Of course, their defensive solidity was not entirely down to ball-retention. Rodgers’ teams are well-drilled off the ball too, and practice a thoroughly planned system of pressing, which relies on the team closing down the opposition as a unit, choosing the best moments to try to steal the ball according to certain “triggers” – i.e. an opponent miscontrolling. Like Guardiola’s Barcelona, Swansea worked extremely hard without the ball, and they did seem to tire as the season went on, but this did not amount to an “up and at ‘em”, headless chicken approach. One could not be so heavily influenced and praised by Jose Mourinho without a certain pragmatism and attention to defensive detail.
His preference for the 4-3-3 formation reflects his emphasis on possession and pressing: it provides the most passing angles (in defensive and offensive positions), and the use of three forwards makes it easier to close down the opposition in their own defensive third. His commitment to a passing 4-3-3 has led to the accusation (also levelled at - you guessed it - Guardiola’s Barcelona) that he lacks a fabled “plan B.” There are a number of things to be said here – but most importantly, it should be noted that Rodgers’ plan A is generally flexible, and can display subtle changes and nuances according the specific challenge that the opposition poses.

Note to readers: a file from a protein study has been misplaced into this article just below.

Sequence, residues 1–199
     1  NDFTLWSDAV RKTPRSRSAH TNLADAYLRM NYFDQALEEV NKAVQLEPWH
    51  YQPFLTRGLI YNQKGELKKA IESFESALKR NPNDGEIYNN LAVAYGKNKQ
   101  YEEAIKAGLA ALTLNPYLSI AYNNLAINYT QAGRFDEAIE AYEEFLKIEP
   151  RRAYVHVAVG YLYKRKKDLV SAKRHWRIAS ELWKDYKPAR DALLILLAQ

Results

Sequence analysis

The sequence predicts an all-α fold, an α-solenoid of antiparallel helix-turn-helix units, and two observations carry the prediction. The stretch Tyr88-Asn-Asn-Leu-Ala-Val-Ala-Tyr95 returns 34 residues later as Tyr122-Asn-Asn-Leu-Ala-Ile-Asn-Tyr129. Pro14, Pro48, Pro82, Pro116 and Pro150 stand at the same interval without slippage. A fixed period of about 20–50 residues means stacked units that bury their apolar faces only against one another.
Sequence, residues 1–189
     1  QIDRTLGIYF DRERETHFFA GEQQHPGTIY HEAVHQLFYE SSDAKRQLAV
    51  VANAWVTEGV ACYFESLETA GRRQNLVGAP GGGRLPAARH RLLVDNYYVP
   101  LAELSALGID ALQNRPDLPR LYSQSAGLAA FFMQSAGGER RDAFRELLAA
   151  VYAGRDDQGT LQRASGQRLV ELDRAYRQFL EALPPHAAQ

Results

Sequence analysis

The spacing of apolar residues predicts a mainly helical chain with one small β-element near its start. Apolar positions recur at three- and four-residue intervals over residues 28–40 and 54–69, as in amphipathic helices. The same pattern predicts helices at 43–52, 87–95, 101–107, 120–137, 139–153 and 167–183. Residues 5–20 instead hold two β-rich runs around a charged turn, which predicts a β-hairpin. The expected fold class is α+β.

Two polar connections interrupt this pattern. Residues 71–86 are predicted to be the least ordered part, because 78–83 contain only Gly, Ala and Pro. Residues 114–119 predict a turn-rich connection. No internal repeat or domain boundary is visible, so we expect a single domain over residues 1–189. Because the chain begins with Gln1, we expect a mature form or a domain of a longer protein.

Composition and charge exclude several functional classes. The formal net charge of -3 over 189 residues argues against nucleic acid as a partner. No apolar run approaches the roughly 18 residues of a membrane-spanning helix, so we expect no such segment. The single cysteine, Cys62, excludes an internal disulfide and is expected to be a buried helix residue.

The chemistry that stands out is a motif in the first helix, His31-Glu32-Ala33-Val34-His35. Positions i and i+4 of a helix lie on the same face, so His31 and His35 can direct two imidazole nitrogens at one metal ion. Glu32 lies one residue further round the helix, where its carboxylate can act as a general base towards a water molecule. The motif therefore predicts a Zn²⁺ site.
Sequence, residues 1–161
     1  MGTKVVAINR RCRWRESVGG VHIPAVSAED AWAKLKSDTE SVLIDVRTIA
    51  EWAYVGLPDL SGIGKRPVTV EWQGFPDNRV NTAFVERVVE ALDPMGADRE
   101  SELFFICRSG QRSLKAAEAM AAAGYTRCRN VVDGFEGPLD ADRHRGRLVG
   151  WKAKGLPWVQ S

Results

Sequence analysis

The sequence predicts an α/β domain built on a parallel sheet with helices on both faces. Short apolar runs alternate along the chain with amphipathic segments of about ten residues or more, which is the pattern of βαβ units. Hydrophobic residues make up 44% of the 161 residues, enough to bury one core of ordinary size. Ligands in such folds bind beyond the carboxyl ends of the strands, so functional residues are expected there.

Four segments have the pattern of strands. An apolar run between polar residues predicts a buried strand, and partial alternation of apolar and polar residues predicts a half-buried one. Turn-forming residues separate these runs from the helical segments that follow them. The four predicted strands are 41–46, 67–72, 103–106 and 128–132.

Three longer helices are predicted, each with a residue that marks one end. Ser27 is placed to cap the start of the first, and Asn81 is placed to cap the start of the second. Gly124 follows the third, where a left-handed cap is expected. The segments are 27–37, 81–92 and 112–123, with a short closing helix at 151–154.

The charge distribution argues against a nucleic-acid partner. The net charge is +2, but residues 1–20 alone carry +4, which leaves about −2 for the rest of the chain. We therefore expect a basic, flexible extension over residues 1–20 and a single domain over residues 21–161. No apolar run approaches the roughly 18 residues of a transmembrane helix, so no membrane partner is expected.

His is a system which can morph into various different shapes: for example, if the holding midfielder drops a few yards deeper and the full-backs push on, there results a similar yet crucially different 3-4-3. Moreover, Rodgers believes wholeheartedly that his system is the best means for achieving success – after much consideration, he is convinced that any deviation from it would make the chances of winning less likely. For example, if Swansea went a goal behind, short passes along the ground would still remain the best chance of them scoring.